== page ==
Saturday, 29 October 2011

Third Vigil Against Hate Crime

8pm

The first vigil had been organised following the fatal attack against gay man Ian Baynham on the Square. This edition of the vigil now directed against hate crime in general but gathering mostly members of the Lesbian Gay Bisexual and Trans (LGBT) community.

Speakers included Lynn Featherstone (minister), Brian Paddick (out mayoral candidate) , Ken Livingston (mayoral candidate), Elly Barnes (No1 in the Independent's Pink List 2011), Sue Sanders (co-chair of Schools Out and LGBT History Month), and Stuart Milk (nephew of Harvey Milk). There were performances by a choir made up of members of London's three LGBT choir (London Gay Men's Chorus, Pink Singers and Diversity Choir) and the London Gay Wind Orchestra. No representent of the current mayor was present.

Two minutes silent were held at 8pm followed by the reading of names of LGBT and disabled victims of hate crime.

Other vigil were taking place simultaneously around the country, including at the Occupy London camp outside St Paul's cathedral.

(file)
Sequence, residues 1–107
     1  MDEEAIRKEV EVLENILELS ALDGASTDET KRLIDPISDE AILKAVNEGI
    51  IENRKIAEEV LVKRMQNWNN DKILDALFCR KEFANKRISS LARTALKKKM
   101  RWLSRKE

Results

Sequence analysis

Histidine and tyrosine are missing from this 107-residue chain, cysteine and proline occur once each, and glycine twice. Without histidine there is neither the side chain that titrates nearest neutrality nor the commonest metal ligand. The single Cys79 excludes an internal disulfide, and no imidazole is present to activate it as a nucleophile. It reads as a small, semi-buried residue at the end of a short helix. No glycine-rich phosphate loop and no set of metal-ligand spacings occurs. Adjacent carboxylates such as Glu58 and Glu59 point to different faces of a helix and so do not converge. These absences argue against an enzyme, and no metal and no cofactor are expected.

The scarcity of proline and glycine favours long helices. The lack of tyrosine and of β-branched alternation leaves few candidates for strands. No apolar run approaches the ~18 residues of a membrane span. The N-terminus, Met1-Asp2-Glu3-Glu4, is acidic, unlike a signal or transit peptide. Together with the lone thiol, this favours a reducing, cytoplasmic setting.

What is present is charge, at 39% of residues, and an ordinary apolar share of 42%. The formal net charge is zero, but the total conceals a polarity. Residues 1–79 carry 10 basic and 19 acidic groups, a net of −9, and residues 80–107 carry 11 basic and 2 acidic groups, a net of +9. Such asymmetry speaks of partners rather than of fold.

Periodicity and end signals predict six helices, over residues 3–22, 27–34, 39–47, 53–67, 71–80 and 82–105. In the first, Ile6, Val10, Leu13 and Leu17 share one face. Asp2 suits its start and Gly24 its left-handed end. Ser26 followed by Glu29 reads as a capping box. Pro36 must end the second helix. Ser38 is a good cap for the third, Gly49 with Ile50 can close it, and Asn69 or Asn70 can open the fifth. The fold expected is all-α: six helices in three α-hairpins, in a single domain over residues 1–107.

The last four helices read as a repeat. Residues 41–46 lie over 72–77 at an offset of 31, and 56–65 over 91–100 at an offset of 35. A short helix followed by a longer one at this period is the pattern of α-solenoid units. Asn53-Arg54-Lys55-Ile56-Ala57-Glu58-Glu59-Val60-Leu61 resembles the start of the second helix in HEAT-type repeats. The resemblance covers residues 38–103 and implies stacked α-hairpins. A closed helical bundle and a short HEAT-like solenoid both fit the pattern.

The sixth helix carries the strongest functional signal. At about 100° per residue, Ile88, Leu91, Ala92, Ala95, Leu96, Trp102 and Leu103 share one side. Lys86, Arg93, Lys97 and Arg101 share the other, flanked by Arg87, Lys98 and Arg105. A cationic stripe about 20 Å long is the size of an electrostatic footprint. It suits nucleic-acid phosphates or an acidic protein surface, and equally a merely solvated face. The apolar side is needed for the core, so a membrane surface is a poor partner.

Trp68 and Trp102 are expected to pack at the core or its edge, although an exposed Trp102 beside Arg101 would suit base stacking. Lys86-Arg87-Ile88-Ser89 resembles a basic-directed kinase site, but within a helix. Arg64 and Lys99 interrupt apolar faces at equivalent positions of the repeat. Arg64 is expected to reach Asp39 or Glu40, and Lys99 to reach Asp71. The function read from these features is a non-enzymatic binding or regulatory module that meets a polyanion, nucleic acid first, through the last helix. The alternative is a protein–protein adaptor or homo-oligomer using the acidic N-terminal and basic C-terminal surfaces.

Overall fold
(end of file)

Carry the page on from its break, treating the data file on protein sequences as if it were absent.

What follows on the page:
My pictures of the night are on flickr here.
My pictures of the first vigil (2009) are here.

Wednesday, 26 October 2011

A letter to the Catholic Church via one of its representants

Following the reading of this article on Pink News about the Catholic Chruch's opposition to marriage equality in Scotland, I decided to write the following email to John Deighan, the Catholic Church's parliamentary officer. I really hope I get a response to this question I have been asking myself for a while.

Dear Mr Deighan,

I was interested to read an article reproducing one of your recent statements about the possibility of marriage being extended to gay couples in Scotland. According to this article, you said the following: “Bishop Tartaglia was forthright in his assertion that proposals to legislate for same sex marriage would be harmful to society and to the government."

The fact that same-sex marriage would be harmful to society or various variations on a similar theme are one of the main argument cited by its opponents. These are however never accompanied with any reasons or explanation as to how exactly marriage equality would be harmful to society. What would it do to it? and more importantly: how would it do it?

This is all the more confusing that nothing particularly catastrophic seems to be happening in the few countries around the world that have actually opened marriage to same-sex couple.

I would be very interested to hear from you or your employers on this subject.

Regards and thanks,

zefrog